NICE has turned down the new treatment Onivyde®, or pegylated liposomal irinotecan. The treatment is a second option for people with advanced disease, which could allow patients to live for twice as long as they would otherwise. NICE said it would not approve Onivyde® for use on the NHS due to its high cost, and because its benefits were similar to that of other existing treatments. NICE assessed Onivyde® after it was first licensed for use in October last year.
There are very few treatment options for the disease, and 80% of patients are diagnosed at an advanced stage. Survival rates have barely improved since the early 1970s. Research has found that patients being treated with Onivyde lived on average two months longer than they would have without the treatment. Someone with advanced pancreatic cancer will on average live for just two to six months.
Alex Ford, Chief Executive at Pancreatic Cancer UK, said: “This news is a bitter blow to patients with advanced disease in England, who are now unable to access a promising new treatment as a second line option on the NHS. Studies have shown that Onivyde could allow patients the chance of living for twice as long as they would otherwise, allowing families precious and unforgettable extra time together. The enormous difference that this time could make to families should be at front of mind when treatments are being considered for NHS use, as we firmly believe this would lead to more new and effective drugs getting the go-ahead. It’s vital that pancreatic cancer patients have every possible treatment option open to them, because every month matters to people affected by this tough disease.”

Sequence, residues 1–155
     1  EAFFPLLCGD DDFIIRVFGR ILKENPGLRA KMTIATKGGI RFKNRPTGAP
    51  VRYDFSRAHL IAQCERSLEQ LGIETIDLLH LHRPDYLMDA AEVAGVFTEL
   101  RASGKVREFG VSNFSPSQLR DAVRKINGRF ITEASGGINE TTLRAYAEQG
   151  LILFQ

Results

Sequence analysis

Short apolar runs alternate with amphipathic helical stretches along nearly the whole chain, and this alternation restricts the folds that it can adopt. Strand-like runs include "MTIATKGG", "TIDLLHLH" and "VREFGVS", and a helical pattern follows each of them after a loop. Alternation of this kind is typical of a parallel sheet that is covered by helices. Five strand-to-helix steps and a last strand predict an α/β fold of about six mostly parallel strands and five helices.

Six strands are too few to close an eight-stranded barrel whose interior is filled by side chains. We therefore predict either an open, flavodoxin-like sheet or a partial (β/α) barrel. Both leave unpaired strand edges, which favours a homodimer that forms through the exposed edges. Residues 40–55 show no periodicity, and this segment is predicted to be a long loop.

Ali Stunt, Chief Executive at Pancreatic Cancer Action, said: “Onivyde is a significant step forward in the management of advanced pancreatic cancer. It is very disappointing that it is not being made available to patients based on economic grounds, but, we hope NICE, NHS England and the manufacturer can find a way of making this treatment available, which offers real hope to patients for whom initial chemotherapy treatment has been unsuccessful.”